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March 1, 2001

Super Monopoly, SuperMontage?

By Editorial Staff

Also in this article

  • Super Monopoly, SuperMontage?
  • Page 2

Like it or not, within 24 months, the Nasdaq Stock Market could look and act a whole lot different from now. Ready or not, the Nasdaq Stock Market could experience Future Shock in the next two years.

The SuperMontage may be even more momentous than the privatization of Nasdaq. Here is what some industry pros told Traders Magazine about the new trading system - a system some have called a super ECN run by Nasdaq.

Lon Gorman, Vice Chairman, Schwab Capital Markets

This is a huge step in the evolution of trading platforms, specifically for Nasdaq.

Aggregating liquidity in a market perceived as fragmented is a great step. There are probably other steps that are necessary. This should go a long way in helping the institutional investors who are yearning for a more centralized location and want to react to liquidity. Nasdaq now recognizes the vital role that providing liquidity plays in the success of their market.

Robert Wood, Professor of Finance, University of Memphis, Memphis, Tenn.

Unfortunately, there has to be a better way to transmit the volume [on Nasdaq] that is out there. The key issue is bandwidth. That's what is killing everybody. We are set up for a market crash.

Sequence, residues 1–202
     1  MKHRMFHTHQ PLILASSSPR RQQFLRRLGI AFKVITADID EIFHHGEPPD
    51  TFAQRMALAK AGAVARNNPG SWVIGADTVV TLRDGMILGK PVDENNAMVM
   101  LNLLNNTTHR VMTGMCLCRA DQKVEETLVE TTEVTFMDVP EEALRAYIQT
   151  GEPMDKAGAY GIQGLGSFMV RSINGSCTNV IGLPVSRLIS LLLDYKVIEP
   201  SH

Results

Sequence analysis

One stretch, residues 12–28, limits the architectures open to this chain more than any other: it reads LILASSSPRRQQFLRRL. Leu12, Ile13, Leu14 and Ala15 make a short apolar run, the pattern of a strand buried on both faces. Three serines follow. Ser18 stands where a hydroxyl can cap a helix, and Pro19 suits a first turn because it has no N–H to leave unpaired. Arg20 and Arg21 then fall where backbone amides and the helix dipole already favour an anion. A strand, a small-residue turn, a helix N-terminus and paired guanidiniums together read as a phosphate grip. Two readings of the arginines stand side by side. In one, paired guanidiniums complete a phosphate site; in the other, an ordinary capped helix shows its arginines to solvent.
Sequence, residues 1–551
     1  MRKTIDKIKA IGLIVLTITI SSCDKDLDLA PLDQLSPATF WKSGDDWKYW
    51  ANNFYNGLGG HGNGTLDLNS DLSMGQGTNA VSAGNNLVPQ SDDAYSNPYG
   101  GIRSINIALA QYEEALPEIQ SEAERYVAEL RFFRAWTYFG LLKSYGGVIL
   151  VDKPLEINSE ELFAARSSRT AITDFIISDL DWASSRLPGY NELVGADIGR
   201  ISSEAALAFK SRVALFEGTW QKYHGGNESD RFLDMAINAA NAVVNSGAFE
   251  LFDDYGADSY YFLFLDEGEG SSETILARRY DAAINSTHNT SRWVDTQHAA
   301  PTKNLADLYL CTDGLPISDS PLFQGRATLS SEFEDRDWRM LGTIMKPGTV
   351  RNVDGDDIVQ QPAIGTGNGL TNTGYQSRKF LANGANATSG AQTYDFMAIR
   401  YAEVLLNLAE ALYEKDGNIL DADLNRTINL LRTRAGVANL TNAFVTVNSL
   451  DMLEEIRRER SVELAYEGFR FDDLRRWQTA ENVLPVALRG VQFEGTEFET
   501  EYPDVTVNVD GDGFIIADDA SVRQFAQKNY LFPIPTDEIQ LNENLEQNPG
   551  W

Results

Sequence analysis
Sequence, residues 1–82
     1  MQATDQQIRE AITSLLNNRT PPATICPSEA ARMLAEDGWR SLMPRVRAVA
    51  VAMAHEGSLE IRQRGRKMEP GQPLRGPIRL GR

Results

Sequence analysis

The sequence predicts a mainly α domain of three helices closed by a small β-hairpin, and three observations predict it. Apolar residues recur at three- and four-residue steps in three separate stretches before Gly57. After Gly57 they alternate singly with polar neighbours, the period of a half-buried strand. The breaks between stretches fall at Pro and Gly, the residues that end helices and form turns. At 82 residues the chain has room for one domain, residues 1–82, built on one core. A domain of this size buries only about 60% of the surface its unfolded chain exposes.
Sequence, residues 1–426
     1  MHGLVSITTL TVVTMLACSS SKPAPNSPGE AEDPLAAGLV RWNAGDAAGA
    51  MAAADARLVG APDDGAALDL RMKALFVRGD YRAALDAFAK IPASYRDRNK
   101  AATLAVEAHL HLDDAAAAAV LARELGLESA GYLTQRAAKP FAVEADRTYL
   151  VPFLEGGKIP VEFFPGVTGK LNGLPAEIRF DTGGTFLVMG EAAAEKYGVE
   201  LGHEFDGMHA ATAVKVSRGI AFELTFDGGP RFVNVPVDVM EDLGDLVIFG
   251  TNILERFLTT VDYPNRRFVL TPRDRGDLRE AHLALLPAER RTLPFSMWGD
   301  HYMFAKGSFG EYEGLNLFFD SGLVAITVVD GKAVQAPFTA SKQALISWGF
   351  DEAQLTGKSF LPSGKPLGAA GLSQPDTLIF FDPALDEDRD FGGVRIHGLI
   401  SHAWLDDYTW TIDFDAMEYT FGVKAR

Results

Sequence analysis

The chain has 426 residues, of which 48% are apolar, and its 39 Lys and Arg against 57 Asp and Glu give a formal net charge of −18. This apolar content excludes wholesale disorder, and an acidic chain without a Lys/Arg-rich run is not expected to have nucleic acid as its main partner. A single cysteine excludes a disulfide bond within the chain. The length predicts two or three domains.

Nobody is taking a system wide view. Nasdaq has been dropping the ball left and right in terms of their programming expertise and systems maintenance. Is that going to be transformed overnight? I don't think so.

Andrew Madoff

Director of Nasdaq trading, Bernard L. Madoff Investment Securities

There is the possibility that more order flow will go to the SuperMontage. But that's an argument [against the SuperMontage] that you could level against any other system, such as an ECN. Some dealers have become very big. Does that hurt other dealers? Well, that's what competition is all about.

The SuperMontage establishes a minimal level of functionality in getting orders executed that dealers and ECNs will have to provide. The SuperMontage enables me to provide a higher level of services and it makes it less costly to provide excess liquidity to my customers.

Junius Peake, Professor of Finance, University of Northern Colorado, Greeley, Co.

There is a little paragraph [in the SuperMontage approving order] that says if you don't like any of this stuff you can still trade by telephone. The whole system is voluntary. Anybody who wants to avoid things can still get on the phone and call a dealer. All the institutional trading is going to be done that way. The only people left on the SuperMontage will be the small orders.

Where is the cost benefit analysis? Normally, government releases are required to put in cost benefits.

Jennifer Conrad, Professor of finance, University of North Carolina, Chapel Hill, NC.

Associate editor, Journal of Finance

The most interesting part is that they are going to be flexible about what they show. [The SEC] is going to continue to review [the SuperMontage] to see what can be added to the screen. Do we need to go to five price [levels instead of three] or change the screen layout? [The SEC] left itself some degree of freedom that may come in handy.